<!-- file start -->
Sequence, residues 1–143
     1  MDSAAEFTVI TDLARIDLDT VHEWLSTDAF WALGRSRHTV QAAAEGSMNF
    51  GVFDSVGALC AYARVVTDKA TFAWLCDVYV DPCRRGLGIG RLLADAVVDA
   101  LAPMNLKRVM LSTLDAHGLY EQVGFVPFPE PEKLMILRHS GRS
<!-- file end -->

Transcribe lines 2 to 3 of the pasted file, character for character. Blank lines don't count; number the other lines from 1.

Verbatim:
     1  MDSAAEFTVI TDLARIDLDT VHEWLSTDAF WALGRSRHTV QAAAEGSMNF
    51  GVFDSVGALC AYARVVTDKA TFAWLCDVYV DPCRRGLGIG RLLADAVVDA